Sun, Sep 16, 2007 - Page 11 News List

US Fed may need to double interest rate: Greenspan

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"There is little doubt, however, that the burst of US non-farm productivity growth from 1995 to 2002 has given way to a lessened pace of growth," Greenspan wrote.

Productivity gains averaged a 1.7 percent annual rate in the first six months of this year, down from 3.6 percent during the high-technology boom of 1999.

Greenspan forecast a long-term average of 2 percent for increases in output per hour.

Greenspan also forecast an end to the anti-inflation pressures from the inclusion of China and other emerging economies into the global trading system.

US wage earners have suffered and consumers have benefited from a one-time shift of millions of workers into the world labor force. The former chairman once defined globalization as the elimination of borders in the production of goods and services.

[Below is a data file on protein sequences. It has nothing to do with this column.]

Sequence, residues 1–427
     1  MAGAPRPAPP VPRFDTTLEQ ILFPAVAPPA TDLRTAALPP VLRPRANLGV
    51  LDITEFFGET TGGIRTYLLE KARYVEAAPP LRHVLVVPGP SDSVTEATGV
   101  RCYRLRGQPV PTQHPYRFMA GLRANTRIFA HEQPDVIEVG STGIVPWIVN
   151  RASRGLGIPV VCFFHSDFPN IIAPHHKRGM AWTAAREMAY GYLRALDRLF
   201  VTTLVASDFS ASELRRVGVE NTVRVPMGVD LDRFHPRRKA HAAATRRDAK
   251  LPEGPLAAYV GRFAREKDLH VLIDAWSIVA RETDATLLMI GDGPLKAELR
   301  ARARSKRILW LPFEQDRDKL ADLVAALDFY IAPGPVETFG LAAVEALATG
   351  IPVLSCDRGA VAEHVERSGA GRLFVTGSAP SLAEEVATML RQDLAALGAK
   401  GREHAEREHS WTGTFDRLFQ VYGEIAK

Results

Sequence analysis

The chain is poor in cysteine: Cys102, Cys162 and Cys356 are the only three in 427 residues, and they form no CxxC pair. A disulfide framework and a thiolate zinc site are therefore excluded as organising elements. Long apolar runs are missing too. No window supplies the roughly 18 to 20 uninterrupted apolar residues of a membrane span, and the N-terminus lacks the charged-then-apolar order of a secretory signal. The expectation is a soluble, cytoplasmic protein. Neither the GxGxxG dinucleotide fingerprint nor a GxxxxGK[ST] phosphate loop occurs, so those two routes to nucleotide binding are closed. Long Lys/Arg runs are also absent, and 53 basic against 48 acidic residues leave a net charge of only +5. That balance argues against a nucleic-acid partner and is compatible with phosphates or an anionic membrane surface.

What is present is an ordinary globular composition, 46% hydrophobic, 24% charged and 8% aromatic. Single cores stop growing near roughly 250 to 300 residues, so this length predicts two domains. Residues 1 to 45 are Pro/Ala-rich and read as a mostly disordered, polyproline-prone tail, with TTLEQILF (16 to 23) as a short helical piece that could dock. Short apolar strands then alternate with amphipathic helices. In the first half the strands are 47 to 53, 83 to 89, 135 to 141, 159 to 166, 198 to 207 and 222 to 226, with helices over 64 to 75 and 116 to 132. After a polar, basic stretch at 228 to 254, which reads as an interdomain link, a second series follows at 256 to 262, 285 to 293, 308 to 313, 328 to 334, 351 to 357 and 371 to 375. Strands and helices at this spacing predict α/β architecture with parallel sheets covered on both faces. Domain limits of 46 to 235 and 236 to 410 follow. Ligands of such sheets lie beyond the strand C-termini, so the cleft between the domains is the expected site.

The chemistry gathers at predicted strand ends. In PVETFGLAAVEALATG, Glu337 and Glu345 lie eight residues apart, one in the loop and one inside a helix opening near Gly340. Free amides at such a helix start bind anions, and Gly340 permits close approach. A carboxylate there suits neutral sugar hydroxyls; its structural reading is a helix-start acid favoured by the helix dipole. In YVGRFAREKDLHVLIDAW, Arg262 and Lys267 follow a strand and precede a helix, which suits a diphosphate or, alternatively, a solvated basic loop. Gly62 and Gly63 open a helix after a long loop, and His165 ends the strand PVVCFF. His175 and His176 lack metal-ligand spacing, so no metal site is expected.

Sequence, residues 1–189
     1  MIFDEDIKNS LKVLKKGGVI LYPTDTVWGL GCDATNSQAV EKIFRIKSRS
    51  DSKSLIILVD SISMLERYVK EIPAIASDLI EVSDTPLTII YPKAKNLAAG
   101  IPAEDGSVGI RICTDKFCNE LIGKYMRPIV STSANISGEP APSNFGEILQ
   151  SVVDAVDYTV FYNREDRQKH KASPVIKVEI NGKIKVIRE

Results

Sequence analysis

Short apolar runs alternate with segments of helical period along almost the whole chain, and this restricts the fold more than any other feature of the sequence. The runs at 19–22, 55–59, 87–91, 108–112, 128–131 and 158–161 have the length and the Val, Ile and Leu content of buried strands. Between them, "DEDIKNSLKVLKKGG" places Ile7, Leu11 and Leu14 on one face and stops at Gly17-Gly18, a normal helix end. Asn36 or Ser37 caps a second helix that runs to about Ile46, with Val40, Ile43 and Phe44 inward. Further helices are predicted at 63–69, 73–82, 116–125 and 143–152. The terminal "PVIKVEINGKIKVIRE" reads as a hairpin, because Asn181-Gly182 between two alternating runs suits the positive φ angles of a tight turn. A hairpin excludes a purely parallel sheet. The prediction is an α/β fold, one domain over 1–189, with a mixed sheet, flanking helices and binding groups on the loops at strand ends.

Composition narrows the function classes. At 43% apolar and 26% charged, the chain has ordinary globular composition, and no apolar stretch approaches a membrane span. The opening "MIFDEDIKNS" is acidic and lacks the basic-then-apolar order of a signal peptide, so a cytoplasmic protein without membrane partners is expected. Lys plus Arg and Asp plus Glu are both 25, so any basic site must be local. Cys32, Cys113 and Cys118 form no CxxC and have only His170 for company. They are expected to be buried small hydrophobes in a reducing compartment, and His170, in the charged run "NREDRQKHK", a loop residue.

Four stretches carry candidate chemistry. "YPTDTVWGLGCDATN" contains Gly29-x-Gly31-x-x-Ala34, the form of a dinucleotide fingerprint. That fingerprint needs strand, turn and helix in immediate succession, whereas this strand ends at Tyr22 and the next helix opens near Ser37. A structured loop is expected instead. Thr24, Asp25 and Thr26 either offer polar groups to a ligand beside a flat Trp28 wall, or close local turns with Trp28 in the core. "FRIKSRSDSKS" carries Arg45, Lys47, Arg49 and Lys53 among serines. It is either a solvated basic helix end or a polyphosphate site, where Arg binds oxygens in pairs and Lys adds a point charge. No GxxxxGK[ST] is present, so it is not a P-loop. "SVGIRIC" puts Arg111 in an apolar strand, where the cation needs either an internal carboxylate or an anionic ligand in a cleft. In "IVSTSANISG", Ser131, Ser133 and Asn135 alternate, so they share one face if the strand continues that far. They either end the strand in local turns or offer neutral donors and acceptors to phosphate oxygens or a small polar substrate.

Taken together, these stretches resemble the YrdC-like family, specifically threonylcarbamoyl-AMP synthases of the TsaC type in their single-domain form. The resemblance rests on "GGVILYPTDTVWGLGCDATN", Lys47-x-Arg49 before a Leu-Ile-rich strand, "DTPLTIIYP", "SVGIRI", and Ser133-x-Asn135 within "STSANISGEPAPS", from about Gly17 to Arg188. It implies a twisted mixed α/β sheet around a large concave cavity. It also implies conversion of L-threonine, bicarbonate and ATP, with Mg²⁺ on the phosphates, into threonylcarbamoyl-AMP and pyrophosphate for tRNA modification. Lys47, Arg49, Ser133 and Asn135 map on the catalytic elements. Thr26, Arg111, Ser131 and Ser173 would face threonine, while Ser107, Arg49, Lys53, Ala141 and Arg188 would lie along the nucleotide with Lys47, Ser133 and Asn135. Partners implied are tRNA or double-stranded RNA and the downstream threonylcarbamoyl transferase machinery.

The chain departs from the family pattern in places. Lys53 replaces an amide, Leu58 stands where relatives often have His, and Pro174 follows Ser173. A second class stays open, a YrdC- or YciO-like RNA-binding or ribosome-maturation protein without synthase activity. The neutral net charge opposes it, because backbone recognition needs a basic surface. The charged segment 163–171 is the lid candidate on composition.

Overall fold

"The continuing acceleration of the flow of workers to competitive markets during the past decade has been a potent disinflationary force," Greenspan wrote. "That acceleration has held down inflation virtually uniformly across the globe."

That force may be coming to an end.

"The rate of flow of workers to competitive labor markets will eventually slow and as a result, disinflationary pressures should start to lift," Greenspan wrote. "China's wage growth should mount, as should its rate of inflation. The first signs are likely to be a rise of export prices, best measured by the prices of Chinese goods imported into the United States."

US Labor Department figures showed yesterday that costs of imported Chinese products rose for a fourth straight month last month.

The third source of pressure on inflation will come from US government budget deficits.

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